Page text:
When it comes to insurance agents and brokers, there is much debate as to whether the relationship between digital technologies and insurance is marriage material. Most agents and brokers would agree that selling health insurance is grounded in establishing a personal relationship and connection, while many argue that technology can improve existing business processes, and impact the sales and enrollment process. 

As with any good marriage, the key is to reach a compromise. Many companies are seeking out ways to leverage the efficiencies technology can bring, and that many Americans expect, while still maintaining a high-touch, personal connection. For example, a leading voluntary insurance provider recently introduced an iPad application, which will be available for download by agents and brokers. The application takes the company’s standard sales presentation (a cumbersome, 46-page book) and transforms it into a graphically-dynamic, customizable and interactive presentation that can be delivered on iPad. 

Ironically, even though the new and improved presentation capabilities reside on a high-tech platform such as the iPad, in actuality it fosters a very high-touch opportunity. It removes the proverbial two-sides-of-the-table scenario and replaces it with an intimate, interactive, side-by-side conversation. In addition, the application is developed in a way to streamline and diminish the amount of time typically required to customize the sales presentation to a particular client or prospect. 

Consumers have not only grown accustomed to using their mobile smart phones for things like online banking and commerce, they expect such access. A wide range of industries are also taking advantage of the ability to conduct business on the go and to meet consumer expectations of real-time delivery of information. The health insurance industry is also following suit — seeking out opportunities to provide agents and brokers access to business applications via mobile devices. 

Those who ignore the technology revolution altogether may find their businesses at risk of extinction. The reality is that consumer behavior and expectations, alongside pressure to conduct business more efficiently, are all contributing to the move to Web-based and mobile platforms. For health insurance providers, and the agents and brokers who work with them, the challenge will be to deliver technology tools and solutions that not only enhance productivity, but that also nurture personal customer interactions and promote excellent service delivery.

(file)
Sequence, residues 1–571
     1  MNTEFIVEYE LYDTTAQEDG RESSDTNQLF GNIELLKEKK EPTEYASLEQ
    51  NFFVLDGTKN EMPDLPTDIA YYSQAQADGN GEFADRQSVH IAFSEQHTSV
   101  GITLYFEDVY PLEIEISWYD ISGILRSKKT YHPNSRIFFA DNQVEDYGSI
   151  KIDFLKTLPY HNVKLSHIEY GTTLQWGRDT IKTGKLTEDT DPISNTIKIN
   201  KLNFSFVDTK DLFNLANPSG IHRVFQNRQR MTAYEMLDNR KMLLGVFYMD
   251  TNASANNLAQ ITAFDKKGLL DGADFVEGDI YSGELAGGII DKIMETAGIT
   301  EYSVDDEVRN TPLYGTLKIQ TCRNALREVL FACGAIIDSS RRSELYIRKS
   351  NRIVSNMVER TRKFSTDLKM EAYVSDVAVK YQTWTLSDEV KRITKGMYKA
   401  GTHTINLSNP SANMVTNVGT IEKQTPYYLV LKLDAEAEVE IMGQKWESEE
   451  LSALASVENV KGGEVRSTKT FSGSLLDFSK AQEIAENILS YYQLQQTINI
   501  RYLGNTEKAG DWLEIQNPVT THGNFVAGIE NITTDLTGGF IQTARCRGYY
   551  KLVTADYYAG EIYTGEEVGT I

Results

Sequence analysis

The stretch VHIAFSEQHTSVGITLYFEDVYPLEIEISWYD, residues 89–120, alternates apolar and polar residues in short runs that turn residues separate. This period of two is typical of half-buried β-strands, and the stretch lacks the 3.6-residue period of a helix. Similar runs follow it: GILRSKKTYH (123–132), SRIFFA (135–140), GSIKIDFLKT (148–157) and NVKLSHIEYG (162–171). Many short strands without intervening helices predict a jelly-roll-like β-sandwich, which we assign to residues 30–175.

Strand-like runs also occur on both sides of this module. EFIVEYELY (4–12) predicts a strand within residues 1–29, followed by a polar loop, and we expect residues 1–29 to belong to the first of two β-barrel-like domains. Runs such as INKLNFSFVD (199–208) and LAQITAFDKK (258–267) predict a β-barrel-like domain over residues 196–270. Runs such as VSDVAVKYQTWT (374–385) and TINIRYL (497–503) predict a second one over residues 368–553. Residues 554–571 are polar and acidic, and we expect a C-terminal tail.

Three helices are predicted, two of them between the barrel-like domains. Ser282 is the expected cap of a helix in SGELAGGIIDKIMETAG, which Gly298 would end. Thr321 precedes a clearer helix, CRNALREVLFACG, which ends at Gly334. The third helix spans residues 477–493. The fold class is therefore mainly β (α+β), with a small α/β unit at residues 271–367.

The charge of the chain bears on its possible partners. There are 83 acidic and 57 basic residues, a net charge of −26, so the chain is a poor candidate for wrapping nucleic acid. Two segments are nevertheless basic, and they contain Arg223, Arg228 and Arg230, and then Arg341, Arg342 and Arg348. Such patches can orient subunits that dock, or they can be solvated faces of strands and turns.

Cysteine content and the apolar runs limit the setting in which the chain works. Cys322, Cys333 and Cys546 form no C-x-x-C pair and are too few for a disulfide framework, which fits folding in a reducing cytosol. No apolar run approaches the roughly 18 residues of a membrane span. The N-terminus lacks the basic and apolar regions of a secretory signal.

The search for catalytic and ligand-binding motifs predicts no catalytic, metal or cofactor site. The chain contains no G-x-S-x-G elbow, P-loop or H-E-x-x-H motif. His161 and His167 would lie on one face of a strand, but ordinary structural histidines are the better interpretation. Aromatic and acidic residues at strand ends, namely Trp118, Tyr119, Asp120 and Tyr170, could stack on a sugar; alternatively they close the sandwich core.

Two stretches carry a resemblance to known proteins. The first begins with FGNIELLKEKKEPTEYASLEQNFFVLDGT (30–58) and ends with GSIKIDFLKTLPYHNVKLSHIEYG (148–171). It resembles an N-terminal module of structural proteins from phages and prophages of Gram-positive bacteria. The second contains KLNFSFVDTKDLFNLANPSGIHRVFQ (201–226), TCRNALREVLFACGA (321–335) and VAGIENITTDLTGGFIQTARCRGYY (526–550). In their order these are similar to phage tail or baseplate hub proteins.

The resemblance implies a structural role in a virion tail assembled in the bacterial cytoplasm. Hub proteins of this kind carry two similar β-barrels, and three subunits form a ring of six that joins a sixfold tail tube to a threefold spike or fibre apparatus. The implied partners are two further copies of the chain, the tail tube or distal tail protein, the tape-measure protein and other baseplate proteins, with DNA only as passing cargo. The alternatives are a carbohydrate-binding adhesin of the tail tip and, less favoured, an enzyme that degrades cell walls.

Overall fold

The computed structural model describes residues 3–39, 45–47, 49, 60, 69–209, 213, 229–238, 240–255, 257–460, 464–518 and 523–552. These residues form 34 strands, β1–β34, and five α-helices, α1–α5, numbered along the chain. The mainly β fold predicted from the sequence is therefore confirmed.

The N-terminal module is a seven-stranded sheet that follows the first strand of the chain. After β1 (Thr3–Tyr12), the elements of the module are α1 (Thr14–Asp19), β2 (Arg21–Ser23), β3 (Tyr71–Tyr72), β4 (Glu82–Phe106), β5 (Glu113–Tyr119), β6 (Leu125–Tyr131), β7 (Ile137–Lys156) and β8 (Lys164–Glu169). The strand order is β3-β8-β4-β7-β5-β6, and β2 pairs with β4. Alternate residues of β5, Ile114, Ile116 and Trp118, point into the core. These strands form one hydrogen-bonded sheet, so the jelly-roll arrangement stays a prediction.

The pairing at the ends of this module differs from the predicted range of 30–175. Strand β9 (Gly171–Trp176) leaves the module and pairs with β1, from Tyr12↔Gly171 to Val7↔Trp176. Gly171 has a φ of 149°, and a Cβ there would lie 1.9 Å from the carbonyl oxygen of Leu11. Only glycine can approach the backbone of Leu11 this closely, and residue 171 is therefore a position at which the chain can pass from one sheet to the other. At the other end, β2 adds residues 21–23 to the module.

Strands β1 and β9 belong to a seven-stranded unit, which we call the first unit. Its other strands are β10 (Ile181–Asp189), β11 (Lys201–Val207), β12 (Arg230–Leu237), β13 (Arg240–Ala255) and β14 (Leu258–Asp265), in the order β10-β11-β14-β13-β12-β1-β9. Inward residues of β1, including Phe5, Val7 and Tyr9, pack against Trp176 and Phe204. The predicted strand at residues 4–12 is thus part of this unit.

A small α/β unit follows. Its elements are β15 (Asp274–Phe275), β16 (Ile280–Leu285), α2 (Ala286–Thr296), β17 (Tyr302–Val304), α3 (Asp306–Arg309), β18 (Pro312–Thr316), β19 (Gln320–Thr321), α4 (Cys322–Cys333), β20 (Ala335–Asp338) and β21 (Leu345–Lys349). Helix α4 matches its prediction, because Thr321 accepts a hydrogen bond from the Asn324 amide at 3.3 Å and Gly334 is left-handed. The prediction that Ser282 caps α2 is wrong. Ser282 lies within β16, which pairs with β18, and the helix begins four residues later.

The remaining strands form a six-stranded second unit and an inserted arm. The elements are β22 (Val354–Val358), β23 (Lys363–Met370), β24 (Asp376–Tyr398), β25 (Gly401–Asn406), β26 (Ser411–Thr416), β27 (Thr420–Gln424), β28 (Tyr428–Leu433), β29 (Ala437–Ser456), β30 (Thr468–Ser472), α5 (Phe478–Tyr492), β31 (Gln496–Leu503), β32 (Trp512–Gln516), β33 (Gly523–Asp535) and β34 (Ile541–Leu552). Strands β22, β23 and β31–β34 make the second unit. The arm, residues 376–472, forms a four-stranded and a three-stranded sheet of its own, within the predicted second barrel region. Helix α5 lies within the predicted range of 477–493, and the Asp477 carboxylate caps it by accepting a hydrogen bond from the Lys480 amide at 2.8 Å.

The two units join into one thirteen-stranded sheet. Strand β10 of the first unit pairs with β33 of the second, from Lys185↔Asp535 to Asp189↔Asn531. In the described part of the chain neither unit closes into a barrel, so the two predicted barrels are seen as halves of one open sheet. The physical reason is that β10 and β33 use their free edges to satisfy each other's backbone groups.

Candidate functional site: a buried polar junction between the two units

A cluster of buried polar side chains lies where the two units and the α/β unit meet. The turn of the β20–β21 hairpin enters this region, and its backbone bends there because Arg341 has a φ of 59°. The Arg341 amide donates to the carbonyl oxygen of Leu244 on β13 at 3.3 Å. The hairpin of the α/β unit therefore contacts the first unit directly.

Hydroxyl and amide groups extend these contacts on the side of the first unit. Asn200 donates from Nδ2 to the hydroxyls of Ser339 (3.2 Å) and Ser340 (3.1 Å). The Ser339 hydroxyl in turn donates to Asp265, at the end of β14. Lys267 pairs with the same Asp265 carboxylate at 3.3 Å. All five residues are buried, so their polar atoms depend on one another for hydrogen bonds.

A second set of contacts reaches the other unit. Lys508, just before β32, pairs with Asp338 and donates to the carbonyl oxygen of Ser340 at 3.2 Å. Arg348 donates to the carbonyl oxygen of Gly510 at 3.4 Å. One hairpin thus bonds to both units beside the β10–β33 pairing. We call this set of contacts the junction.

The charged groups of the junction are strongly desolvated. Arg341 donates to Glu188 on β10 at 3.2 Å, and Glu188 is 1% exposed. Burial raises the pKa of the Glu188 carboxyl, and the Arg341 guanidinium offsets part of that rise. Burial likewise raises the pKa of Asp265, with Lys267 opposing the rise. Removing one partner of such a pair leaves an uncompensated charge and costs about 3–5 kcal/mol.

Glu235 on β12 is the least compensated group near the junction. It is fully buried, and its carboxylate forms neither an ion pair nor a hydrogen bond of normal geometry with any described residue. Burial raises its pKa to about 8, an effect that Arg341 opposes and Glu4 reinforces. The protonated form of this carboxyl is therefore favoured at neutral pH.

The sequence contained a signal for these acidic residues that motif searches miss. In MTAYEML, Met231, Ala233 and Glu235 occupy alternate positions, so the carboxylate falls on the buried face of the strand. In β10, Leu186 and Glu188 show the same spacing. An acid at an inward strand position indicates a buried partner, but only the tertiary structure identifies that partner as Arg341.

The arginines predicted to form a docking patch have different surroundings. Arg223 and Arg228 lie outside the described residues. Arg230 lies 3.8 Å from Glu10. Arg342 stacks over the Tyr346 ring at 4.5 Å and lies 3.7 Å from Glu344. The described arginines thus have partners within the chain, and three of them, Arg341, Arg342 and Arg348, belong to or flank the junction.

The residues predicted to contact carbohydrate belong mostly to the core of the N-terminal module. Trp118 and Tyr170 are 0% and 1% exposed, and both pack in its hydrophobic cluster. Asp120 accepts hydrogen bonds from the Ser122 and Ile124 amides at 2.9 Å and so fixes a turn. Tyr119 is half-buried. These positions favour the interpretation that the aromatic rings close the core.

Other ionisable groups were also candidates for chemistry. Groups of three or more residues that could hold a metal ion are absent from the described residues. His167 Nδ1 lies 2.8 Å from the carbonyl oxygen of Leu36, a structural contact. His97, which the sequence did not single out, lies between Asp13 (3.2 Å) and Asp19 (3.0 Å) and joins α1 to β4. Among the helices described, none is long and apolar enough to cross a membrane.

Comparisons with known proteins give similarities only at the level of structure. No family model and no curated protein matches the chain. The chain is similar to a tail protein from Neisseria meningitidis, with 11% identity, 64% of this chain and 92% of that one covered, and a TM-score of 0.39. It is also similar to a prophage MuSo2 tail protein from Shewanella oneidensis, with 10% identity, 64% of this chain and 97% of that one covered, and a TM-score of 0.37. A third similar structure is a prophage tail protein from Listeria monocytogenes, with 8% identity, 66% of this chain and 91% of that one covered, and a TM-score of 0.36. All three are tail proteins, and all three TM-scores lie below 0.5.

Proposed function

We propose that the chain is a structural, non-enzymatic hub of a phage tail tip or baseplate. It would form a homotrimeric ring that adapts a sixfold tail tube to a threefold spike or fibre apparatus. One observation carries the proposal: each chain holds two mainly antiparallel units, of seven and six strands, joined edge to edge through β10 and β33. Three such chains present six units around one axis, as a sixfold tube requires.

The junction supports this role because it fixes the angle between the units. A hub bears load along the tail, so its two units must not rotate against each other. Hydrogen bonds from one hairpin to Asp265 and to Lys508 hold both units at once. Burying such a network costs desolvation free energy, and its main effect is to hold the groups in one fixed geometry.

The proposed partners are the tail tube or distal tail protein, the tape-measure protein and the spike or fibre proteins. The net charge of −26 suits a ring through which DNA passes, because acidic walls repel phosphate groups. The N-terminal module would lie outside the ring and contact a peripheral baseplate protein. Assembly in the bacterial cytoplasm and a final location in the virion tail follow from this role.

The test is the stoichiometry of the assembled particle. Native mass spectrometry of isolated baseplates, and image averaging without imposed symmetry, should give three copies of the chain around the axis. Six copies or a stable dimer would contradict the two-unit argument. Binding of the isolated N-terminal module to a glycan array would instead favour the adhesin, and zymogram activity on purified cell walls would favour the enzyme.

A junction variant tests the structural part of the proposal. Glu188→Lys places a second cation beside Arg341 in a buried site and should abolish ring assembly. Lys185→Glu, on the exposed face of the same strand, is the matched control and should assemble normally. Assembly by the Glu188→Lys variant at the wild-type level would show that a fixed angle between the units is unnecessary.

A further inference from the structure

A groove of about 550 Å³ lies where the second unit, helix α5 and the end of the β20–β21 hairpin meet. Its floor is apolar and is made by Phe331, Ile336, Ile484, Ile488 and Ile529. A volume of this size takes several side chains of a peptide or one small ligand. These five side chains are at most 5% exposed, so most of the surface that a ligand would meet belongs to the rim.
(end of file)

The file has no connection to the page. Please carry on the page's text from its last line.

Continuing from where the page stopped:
Trend Four:  Your Clients’ Benefits Packages Will Become an Even Greater Differentiator 

With health reform and the establishment of minimum benefits standards and the option to move from employer plans to exchange plans, major medical insurance coverage will likely become more homogenous than it is today. In addition, many companies are forecasting a grim outlook for benefits packages as a result of health care legislation. A recent Aflac survey found that 42 percent of employers believe significantly diminished benefits packages for employees is a likely outcome of health care legislation, and another 32 percent say less robust but sufficient benefits packages are a likely outcome.1 All of these factors will create an opportunity for companies to distinguish themselves as an employer of choice by offering a more comprehensive benefits program than most. 

And the issue of benefits packages should not be taken lightly by business leaders given its effect on job satisfaction, loyalty, and even whether an employee takes another job offer or not. In the Aflac study, 89 percent of employers believe that their overall benefits package influences employee job satisfaction and 86 percent believe it impacts worker loyalty. Forty-four percent of employees themselves say a company’s overall benefits package would be one of the two most important factors in deciding to accept an offer for a new job.1 

A company’s ability to demonstrate value and goodwill to its workers by offering a benefits package unmatched by competitors will mean the difference in high or low retention rates. At the same time, HR professionals will be pressed to offer health care benefits options that will soften the impact of the inevitable cost-shifting and rising out-of-pocket costs on its valuable workforce. 

Making voluntary insurance policies available can allow companies to enhance their benefits offerings, differentiate themselves from competitors, and offer workers choice in additional coverage that best suits their needs.These types of supplemental insurance policies and ancillary benefits offerings will be a greater differentiator than ever before in the battle to attract a talented workforce, and protect them. 

1“2011 Aflac WorkForces Report,” a study conducted by Harris Interactive for Aflac, September 2010.